The Lightning were not a happy bunch in the locker room following their 3-1 loss to Boston on Halloween night, their fourth defeat in a row.

“It’s unacceptable,” Stamkos said dejectedly after the Boston loss. “I take responsibility as a leader of this team that I’ve got to do better. We’ve got to look ourselves in the mirror because…we’ve lost seven games and won five [going 5-5-2]. To me, that’s under .500 and closing in on 15 games of the season, we’ve got to be better.”

In a sense, it was almost a blessing the Lightning were back on the ice less than 24 hours later in Carolina. Typically, fatigue would be a concern on a back-to-back, particularly with travel between Tampa and a road venue sandwiched in between.

The Bolts were too angry to be tired, though.

After an admittedly sluggish first period, the Lightning awoke to blitz the Hurricanes over the final 40 minutes, controlling play until the late stages of the game and performing like the team Bolts fans grew accustomed to seeing during last season’s Cup run.

Stamkos said after the Carolina win the Lightning didn’t cheat the game. They played it the right way and were rewarded with a much-needed victory.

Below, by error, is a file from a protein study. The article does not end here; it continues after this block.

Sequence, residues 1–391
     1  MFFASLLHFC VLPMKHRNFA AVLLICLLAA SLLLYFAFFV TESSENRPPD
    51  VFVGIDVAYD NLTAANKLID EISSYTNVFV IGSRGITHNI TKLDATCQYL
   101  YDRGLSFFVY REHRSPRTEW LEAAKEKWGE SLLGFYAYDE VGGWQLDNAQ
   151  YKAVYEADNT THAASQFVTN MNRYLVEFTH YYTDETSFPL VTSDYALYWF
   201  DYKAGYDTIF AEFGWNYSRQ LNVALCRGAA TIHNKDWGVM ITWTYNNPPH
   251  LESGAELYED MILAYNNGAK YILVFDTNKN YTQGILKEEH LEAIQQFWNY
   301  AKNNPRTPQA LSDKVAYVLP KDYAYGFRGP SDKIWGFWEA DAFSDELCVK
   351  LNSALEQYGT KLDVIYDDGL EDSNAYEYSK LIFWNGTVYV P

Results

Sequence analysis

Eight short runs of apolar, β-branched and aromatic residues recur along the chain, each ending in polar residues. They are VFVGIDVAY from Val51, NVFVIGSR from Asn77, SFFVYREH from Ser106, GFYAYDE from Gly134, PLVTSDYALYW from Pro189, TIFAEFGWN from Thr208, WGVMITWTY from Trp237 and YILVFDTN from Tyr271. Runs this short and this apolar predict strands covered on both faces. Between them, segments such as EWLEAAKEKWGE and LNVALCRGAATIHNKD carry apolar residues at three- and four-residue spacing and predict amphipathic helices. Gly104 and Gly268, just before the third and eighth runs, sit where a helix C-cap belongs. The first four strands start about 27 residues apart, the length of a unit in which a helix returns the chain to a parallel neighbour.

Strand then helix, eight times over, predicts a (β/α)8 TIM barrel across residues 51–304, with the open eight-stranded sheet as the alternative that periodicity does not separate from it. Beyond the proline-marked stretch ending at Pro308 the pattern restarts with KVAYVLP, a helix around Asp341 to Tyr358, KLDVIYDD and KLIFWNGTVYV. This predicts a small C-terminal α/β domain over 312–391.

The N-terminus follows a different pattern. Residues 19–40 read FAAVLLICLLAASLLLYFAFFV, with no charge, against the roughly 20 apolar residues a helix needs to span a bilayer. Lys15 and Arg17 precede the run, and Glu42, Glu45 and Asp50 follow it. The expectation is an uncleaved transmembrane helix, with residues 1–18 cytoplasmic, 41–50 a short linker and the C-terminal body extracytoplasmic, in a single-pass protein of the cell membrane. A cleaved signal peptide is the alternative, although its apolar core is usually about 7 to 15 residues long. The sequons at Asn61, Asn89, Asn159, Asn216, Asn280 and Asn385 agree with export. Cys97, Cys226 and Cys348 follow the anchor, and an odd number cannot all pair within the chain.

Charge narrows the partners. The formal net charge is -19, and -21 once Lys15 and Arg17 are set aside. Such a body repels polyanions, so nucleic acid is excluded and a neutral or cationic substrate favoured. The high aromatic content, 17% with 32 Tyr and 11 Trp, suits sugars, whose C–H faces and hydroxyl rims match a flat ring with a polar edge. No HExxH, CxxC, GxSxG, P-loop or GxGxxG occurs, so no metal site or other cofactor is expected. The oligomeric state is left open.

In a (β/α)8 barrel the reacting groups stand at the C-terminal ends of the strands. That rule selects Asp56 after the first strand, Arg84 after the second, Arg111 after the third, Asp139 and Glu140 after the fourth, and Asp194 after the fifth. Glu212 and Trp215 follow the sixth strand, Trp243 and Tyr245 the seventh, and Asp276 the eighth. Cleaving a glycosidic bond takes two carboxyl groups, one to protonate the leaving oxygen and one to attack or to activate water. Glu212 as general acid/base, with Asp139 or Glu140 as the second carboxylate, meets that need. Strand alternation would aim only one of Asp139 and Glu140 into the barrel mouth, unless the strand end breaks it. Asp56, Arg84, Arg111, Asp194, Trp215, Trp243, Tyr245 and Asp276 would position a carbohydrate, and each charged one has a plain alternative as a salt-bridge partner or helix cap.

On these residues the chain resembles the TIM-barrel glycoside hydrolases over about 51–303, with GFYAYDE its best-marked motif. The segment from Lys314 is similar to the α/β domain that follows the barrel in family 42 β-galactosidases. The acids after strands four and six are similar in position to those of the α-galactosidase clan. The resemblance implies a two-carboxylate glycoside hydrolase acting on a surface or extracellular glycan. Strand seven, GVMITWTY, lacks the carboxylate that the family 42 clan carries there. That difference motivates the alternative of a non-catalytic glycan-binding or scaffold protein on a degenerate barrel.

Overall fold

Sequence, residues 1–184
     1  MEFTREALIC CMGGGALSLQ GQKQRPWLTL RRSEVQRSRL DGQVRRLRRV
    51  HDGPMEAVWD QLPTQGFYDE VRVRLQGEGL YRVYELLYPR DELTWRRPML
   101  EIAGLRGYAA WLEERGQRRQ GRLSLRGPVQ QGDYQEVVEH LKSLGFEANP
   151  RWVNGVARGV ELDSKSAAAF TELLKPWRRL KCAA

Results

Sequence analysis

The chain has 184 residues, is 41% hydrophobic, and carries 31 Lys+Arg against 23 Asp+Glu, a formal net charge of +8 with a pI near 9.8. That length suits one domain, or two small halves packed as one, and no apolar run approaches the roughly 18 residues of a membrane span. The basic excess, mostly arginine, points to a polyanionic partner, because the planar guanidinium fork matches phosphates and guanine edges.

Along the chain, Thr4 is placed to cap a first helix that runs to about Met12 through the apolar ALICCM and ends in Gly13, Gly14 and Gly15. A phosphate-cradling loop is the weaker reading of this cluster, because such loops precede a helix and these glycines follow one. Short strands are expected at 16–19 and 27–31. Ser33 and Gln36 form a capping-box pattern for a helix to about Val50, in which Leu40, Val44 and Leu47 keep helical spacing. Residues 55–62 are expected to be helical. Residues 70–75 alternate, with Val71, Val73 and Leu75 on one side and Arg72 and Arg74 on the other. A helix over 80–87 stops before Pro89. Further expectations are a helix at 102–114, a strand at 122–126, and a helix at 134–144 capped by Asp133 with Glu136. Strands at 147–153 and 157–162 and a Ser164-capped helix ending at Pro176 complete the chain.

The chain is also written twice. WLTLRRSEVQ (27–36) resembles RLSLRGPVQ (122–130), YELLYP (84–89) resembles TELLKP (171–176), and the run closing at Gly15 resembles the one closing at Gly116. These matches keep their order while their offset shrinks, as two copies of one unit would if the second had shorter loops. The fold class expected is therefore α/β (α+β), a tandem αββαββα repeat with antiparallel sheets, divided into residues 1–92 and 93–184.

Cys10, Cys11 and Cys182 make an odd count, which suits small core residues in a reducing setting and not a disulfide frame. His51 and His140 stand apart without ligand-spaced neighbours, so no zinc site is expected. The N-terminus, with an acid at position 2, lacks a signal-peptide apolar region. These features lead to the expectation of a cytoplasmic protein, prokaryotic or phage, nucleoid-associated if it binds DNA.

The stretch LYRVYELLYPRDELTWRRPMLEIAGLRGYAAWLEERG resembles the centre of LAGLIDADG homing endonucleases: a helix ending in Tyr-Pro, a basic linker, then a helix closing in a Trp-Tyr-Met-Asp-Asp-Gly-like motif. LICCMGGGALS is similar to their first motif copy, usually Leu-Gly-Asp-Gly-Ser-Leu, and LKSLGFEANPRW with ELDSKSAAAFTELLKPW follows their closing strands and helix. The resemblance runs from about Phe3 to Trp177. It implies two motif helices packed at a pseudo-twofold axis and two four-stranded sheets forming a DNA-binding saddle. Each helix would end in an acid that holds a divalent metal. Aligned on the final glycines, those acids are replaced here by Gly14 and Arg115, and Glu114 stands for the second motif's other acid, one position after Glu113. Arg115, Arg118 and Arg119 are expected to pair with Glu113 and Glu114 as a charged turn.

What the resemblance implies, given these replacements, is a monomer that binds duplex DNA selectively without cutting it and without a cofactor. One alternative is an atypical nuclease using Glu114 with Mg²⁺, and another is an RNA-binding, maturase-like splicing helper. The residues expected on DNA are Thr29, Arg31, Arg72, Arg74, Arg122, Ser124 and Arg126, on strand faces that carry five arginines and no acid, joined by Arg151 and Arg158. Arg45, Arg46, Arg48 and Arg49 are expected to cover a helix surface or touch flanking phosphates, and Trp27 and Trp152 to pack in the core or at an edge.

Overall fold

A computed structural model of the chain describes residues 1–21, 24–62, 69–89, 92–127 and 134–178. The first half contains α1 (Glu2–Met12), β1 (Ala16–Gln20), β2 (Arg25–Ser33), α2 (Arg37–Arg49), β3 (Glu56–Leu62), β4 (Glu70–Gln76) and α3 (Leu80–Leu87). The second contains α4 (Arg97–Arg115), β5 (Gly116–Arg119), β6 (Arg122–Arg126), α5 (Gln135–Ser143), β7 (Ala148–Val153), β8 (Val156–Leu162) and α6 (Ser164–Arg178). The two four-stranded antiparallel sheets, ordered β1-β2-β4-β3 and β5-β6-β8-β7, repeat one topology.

“We talked about it that you can have all the skill in the world, but what made us really a special group last year was having that combination of work ethic and skill,” he said. “We had that tonight, especially in the second. I think that set the tone for our game tonight and just restored some confidence that if we do play that way, we see the results. That’s a big one for us on this trip.”

3. SHAKE IT UP

After Saturday’s loss to Boston, Stamkos suggested it might be time to stir things up a bit and test out some new line combinations to see if anything could awaken the Lightning offense out of its deep slumber.

Tampa Bay did just that to start the second period on Sunday, putting Ondrej Palat, Ryan Callahan and Stamkos on the ice to start the period.

Callahan scored 38 seconds later, one-timing a pass from Palat on the back door past Carolina goalie Cam Ward.

“When things aren’t going well, sometimes it’s just a little change and everyone refocuses and says, ‘OK, let’s see what we can do with this group,’” Stamkos said. “You just feel refreshed, refocused. Obviously, it helps when you score on the first shift of the second.”

The Lightning continued to tinker with the lines throughout and had success. Stamkos scored on the power play to provide the go-ahead goal, J.T. Brown scored on a nifty backhand shot to the top corner of the far post for his second goal of the season and Tyler Johnson ended his personal scoring slump with his first goal of the season midway through the third.

It remains to be seen whether the Lightning will continue shifting line combinations. Breaking up the Triplets would have been a ridiculous idea at the beginning of the season, but with the line’s slow start to the season, it might be necessary to kick the Bolts’ moribund offense into high gear.

“It just kind of seemed to reinvigorate everybody,” Lightning head coach Jon Cooper said of the line shakeup. “It carried us to a win.”